5 out of 5
Daniel Warren Johnson’s art is no joke. We know that. From early on he’s been a force, never lacking in ability to hit character moments or moments of the grandest scale, and leveraging influences in a way that’s never felt like “oh, he looks like so-and-so;” DWJ’s art looks exactly like his own. Everything has been evolving in a damningly linear way: the way lettering works with his art (especially when using his own added sound effects); the way common coloring partner Mike Spicer works to bring out all the sturm and drang and yet not underserve the subtle beats…
And Johnson’s storytelling – part of this whole words and art shtick, and certainly important when you’re doing them both – has also been improving at lightspeed. I rather admire that the creator has stuck to very accessible and universal themes – loss, our desire for purpose – and hasn’t been trying to spin his takes on them like they’re something mind-blowing, but also makes them feel personal and rooted to the story by bringing the themes out through characters. His stories are organic, even when they feature metal playing falcon gods. A desire to, in my eyes, push himself outside of a comfort zone with each release has meant some stumbles: some aspects of the story may get away from him; some art cues may not fully connect; perhaps the emotional pieces aren’t quite synched to what ends up being the thrust of the tale. But those stumbles are also parts of the work, in a way; they are honest. Meaning, although DWJ topped himself with Dead Earth, it’s still absolutely worth the time to go back and reread Extremity, or Space Mullet.
Now, Dead Earth DC, and here we are at Marvel, with Beta Ray Bill. But it’s not just a swap of houses: Johnsons has anted up again: his Wonder Woman tale was an epic; it required its prestige sizing to tell its tale. With BRB, DWJ has proven that he can compress that same level of impact to a non-epic – he can hit those heavy emotions, with excellent character work, great humor, and 22-page battle action splash page requirements, in a regular ol’ 5-issue mini-series. This could just be another thing on the shelf – regular price, a funky cover you pick up and flip through, and it blows your freakin’ mind.
Bill: he’s got a weird horse head. Maybe sometimes he wishes he didn’t. He was created to be the hero of his people, but rather bungled that – through no fault of his own, really, but still. He’s made nice with Thor and has been installed as the protector of Asgard, but maybe that Norse prettyboy also destroyed his weapon, Stormbreaker, which allowed him to revert back to his more humanoid shape, so things are a little strained there. All things that can be sidestepped by leaving Asgard, and finding himself a new weapon with some similar powers.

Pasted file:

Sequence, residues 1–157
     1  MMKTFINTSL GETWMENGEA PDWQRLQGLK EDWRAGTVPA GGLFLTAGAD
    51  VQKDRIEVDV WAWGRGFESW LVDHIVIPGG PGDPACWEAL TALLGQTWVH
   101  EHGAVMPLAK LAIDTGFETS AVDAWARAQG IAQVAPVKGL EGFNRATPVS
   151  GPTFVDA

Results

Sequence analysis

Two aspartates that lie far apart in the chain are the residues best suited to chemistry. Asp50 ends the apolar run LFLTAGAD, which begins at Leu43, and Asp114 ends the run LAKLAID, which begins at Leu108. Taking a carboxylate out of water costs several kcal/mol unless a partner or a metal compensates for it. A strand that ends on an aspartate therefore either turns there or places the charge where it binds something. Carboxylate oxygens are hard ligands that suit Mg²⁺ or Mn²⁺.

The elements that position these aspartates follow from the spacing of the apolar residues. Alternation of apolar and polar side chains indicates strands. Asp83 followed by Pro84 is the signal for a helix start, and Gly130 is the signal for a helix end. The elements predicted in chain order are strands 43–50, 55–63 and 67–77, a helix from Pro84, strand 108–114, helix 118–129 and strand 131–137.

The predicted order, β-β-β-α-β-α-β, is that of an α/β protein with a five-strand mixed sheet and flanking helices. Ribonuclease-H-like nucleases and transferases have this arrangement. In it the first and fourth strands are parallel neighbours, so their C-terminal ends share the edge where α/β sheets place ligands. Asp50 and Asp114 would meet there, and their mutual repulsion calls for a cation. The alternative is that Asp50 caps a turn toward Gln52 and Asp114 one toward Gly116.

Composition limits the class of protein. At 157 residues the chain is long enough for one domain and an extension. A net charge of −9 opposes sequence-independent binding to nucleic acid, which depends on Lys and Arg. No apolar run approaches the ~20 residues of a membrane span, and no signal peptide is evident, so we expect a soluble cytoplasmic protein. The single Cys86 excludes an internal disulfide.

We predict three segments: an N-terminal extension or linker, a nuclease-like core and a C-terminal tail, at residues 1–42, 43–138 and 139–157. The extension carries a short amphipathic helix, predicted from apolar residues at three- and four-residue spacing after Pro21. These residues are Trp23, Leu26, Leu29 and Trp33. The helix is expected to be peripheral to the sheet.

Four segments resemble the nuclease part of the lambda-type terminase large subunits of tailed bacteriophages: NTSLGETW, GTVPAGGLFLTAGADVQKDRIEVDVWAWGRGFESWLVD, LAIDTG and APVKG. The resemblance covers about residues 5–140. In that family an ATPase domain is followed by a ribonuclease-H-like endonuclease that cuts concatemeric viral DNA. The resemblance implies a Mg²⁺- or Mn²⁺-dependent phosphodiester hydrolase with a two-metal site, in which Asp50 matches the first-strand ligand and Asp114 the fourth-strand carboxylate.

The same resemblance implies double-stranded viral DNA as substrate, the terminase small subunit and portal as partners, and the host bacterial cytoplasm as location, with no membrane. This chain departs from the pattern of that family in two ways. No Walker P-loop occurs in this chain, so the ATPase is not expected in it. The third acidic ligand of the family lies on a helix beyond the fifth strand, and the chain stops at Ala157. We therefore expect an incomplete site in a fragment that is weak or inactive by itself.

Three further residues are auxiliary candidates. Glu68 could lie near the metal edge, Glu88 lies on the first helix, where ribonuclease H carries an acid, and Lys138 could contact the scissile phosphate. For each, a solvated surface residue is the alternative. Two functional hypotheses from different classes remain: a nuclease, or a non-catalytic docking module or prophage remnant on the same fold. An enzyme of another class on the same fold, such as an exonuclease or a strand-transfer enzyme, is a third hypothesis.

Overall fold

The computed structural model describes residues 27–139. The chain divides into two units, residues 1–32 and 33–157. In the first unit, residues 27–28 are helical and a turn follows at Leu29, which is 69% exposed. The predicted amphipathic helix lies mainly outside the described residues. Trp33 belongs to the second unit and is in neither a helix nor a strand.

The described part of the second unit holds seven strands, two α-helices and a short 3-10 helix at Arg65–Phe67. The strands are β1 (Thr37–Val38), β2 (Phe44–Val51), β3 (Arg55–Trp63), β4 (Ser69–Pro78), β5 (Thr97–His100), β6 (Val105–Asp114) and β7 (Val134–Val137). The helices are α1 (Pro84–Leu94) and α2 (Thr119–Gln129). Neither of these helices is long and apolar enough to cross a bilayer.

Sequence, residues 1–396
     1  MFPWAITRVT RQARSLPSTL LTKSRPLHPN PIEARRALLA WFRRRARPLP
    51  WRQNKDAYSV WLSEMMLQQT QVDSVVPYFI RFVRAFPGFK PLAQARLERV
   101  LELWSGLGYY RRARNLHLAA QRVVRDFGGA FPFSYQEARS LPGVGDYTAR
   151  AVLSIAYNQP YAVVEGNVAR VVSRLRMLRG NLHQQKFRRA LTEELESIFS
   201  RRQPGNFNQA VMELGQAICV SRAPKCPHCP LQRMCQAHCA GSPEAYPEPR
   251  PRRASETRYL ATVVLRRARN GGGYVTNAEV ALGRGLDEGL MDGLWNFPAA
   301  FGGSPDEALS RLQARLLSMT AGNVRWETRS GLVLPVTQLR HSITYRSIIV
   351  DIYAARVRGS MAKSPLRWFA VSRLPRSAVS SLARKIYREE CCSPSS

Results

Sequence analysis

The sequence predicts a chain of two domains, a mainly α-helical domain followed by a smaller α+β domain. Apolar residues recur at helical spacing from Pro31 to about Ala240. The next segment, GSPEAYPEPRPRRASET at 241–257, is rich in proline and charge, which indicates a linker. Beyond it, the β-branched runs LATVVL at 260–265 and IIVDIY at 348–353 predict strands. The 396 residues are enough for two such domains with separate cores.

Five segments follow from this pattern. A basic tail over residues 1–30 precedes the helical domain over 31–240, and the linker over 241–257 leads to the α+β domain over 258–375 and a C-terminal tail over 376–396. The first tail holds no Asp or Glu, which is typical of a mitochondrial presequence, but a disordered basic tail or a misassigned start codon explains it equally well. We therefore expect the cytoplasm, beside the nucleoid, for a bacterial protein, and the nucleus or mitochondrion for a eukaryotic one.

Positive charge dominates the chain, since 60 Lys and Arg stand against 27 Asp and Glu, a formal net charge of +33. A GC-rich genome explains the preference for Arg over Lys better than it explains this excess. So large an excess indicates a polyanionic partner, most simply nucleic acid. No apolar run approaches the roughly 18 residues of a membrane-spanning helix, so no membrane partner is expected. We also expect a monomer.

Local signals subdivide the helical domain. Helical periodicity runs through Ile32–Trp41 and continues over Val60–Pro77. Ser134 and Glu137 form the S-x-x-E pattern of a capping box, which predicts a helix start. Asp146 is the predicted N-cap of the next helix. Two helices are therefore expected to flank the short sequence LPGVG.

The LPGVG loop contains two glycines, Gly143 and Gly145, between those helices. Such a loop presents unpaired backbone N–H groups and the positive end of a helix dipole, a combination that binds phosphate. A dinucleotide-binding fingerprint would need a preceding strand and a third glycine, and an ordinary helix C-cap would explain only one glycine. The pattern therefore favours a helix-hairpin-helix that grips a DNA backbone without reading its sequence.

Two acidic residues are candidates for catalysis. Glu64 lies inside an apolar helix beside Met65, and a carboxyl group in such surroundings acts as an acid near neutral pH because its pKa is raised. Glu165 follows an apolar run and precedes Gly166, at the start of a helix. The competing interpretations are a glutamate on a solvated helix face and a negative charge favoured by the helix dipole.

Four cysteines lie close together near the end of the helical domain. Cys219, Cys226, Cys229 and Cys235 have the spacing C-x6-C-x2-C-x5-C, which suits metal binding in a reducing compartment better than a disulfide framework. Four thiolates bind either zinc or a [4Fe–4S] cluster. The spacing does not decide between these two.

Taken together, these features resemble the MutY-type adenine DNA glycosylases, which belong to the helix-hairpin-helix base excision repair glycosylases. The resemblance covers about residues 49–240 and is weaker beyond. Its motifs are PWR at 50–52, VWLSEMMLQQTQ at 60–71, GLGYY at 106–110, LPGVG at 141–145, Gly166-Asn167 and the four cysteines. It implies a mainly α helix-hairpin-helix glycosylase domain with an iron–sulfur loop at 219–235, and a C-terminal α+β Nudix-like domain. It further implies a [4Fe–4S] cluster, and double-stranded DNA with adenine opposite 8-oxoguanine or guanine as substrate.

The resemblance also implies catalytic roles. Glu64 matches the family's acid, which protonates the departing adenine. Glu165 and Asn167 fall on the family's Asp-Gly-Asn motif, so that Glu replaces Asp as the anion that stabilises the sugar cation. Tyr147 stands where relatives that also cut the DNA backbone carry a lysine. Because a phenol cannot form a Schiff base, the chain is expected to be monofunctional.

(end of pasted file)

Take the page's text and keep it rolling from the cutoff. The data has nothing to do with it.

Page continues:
And so Johnson gives us a great excuse for Bill to go on a road trip, with his mechanoid friend / battleship Skuttlebutt, the made-flesh spirit of Skurge, and the troll Pip. The story doesn’t force any of this: somehow we arrive wholly naturally at this odd-quadruple team up, just as it flows naturally to finding Odin – creator of Stormbreaker – at a bar, and an epic freaking bar fight. From there…? Would be spoiling the adventure. But what’s important is that this doesn’t become a perpetual fetch quest: we are given our goal, and it is huge, and it is not a dodge. Each issue builds and builds with cliffhangers and important notes that underline two epic beats in the concluding issue: a massive, all-hands-on battle, in which not a character is superfluous, and an amazing final few pages which bring so many of the themes Johnson has worked on in his various comics to a resounding head – it’s a beautifully simple beat, and a haunting one, for a story about a dude with a kind of silly name and who started the series out by pouting and then drinkin’ brew with Odin.
This book is perfect.